As airlines and hotels continue to devalue their programs again and again, it becomes more and more obvious that putting your everyday spending on a co-branded card, like a Citi AA card, Chase United card, or Delta AMEX card, is foolish.
Those cards offer nice benefits like free checked baggage and more that make them worth keeping, but other than the signup bonus, they don’t offer a compelling value for spending. You should not lock yourself into any single mileage currency if you can avoid it. Airlines and hotels are not loyal and don’t deserve your loyalty as it won’t be rewarded in kind.
You can earn more points per dollar on everyday spending by using a card with transferable points like Chase Freedom Unlimited (Normally earning 1.5 points per dollar and currently offering 3 points per dollar for up to $20K in spending during the first 12 months on a new card signup), Chase Ink Unlimited ($500 signup bonus in the form of 50,000 points plus 1.5 points per dollar spent), or The Blue Business℠ Plus Credit Card from American Express (Earning 2 points per dollar spent on up to $50K in annual spending per primary card that you have).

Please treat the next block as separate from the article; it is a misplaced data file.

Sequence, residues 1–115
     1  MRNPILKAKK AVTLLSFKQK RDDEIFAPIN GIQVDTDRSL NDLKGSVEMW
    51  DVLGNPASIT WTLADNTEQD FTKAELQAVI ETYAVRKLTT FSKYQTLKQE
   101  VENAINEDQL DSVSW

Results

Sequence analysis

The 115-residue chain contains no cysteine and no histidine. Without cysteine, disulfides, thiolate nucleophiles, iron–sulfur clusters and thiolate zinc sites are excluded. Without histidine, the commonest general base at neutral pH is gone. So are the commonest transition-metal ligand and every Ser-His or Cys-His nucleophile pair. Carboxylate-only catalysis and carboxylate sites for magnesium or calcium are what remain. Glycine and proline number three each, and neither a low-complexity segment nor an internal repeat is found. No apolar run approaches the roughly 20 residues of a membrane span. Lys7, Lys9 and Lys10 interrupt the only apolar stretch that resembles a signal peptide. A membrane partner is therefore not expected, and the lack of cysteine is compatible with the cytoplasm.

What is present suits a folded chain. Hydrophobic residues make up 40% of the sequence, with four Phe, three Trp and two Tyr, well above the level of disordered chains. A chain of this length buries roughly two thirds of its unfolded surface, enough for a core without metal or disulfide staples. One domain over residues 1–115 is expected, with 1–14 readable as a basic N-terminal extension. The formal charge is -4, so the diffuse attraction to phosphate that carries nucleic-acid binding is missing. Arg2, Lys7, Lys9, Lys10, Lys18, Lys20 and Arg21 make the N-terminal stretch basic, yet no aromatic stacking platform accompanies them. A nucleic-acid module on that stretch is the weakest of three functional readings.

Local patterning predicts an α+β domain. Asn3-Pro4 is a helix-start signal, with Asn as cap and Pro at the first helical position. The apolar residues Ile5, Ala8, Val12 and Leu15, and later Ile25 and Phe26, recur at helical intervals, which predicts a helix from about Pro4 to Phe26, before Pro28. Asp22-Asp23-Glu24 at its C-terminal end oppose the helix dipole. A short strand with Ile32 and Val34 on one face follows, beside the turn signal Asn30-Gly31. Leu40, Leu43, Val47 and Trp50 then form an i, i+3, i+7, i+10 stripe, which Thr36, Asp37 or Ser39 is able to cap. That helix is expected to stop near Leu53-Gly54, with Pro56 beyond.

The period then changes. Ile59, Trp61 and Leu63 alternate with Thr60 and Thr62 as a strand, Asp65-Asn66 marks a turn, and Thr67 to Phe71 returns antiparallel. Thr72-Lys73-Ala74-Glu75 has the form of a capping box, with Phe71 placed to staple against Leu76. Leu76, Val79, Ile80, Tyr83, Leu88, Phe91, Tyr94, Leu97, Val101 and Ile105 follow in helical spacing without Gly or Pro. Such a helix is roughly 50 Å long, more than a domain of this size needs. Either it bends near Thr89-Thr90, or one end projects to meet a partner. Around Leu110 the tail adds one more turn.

- Chase Ink Cash has a 50K signup bonus and earns 5 points per dollar on cable, TV, telecom, cellular, office supply stores, and gift cards from office supply stores, plus 2 points per dollar on dining and gas ($0 annual fee).
- Chase Sapphire Preferred has a 60K signup bonus, earns 2 points per dollar on dining/travel, can transfer all Chase points into miles, and points are worth at least 1.25 cents each for paid travel ($95 annual fee).
- Chase Sapphire Reserve has a 50K signup bonus, earns 3 points per dollar on dining/travel, can transfer all Chase points into miles, and points are worth at least 1.5 cents each for paid travel ($450 annual fee with $300 travel credit).
- Chase Freedom has a 15K signup bonus and earns 5 points per dollar on rotating categories ($0 annual fee).
- Chase Ink Preferred has a 80K signup bonus and earns 3 points per dollar on shipping, advertising, and travel, can transfer all Chase points into miles, and points are worth at least 1.25 cents each for paid travel ($95 annual fee).
But even more critically than earning more points per dollar, those cards offer “hybrid” points that allow you to choose between redeeming your points for cashback, redeeming your points for paid travel, or transferring your points to many different airline and hotel mileage programs.
A co-branded card locks your miles into one airline or hotel. When they devalue their points, your points are worth much less.
But if you have transferable points with cards from banks like AMEX, Capital One, Chase, or Citi you can find another airline or hotel that isn’t actively devaluing their points. Or you can redeem for paid tickets. Or you can cash your points out. That flexibility is valuable.